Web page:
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It’s Holy Week. You already knew that.

But what we really don’t know is what happened early in the week. Or maybe we’ve never really attended to it. We’re not very good at making connections between Monday’s, Tuesday’s or Wednesday’s events, and what happened later in the famed and familiar events of the week.

I’ve written here before about the Tuesday of Holy Week. So I thought I would look instead at what probably/maybe/likely happened on Monday (biblical timelines and harmonizations of the four Gospels being what they are).

Jesus “cleanses” the temple. Less than 100 hours before his death, Jesus goes to the holiest place on earth and there, loses his cool.

Actually, Mark’s Gospel and “tradition” put it on Monday. Matthew and Luke seem to suggest it was Sunday, immediately after the triumphal entry to Jerusalem. John — O John! — places it almost at the beginning of Jesus’ ministry. I’m going to make a terrible precedent and disagree with both Augustine and Aquinas who assert that Jesus cleansed the temple twice.

I’m going to make another somewhat brash and stupid claim. I think we overemphasize this story, make too much of it. I wonder if there is really much “depth” to it, any great theological significance. (John, I suspect, would disagree) It is very brief, especially in both Matthew and Luke’s accounts.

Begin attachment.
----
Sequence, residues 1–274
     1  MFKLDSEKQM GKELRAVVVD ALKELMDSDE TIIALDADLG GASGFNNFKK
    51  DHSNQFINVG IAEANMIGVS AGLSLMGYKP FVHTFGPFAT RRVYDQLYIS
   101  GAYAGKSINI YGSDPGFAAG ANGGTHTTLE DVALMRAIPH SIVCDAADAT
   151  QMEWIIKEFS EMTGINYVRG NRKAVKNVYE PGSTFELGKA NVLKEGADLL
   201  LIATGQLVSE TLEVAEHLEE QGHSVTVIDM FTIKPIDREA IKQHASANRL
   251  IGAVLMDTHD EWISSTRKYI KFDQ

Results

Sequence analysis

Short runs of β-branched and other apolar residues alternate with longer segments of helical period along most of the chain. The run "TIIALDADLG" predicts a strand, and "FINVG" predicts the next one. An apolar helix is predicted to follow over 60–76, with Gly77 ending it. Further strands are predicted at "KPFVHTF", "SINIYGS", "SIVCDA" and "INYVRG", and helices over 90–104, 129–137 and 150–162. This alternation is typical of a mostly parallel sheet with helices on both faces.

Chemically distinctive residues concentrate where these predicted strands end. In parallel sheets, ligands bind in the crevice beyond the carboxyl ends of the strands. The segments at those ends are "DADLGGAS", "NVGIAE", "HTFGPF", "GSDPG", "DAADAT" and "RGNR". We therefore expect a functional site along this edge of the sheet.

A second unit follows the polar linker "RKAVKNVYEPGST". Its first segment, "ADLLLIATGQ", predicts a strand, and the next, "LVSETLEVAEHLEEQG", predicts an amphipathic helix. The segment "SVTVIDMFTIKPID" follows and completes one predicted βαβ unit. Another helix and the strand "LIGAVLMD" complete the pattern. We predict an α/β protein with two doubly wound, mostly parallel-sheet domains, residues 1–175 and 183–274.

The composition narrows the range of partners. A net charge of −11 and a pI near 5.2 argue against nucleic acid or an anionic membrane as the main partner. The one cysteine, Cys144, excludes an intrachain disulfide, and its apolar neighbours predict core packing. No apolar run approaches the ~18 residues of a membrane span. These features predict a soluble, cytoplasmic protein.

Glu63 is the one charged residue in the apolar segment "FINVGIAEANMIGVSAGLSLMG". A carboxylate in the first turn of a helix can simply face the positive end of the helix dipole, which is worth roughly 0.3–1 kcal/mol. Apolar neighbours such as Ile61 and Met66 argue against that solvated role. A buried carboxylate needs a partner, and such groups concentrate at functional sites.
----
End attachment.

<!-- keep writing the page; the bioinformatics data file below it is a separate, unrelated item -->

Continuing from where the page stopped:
Instead of deep theological import, maybe its function is simply to report what happened, and to keep the story rolling forward. The cleansing of the temple triggers the awful events of Thursday and Friday. By seeming to threaten the economic hub and the source of national pride in Judea, Jesus signs his own death warrant.

What I don’t think we should draw from this story

+ That violence is acceptable for Christians. This is a complex topic, and here I’m not trying to address it. I’m simply saying that deducing you may drop an atom bomb on Hiroshima because Jesus flipped a few tables is a pretty tenuous argument. Once more to be clear, I’m not weighing in on the US use of atomic weapons at the close of World War II, nor claiming that all Christians must be “pacifists.” Have those debates — just don’t look for significant support from this story. It is more along the lines of a frustrated outburst, a fit of pique, not an endorsement of violent actions.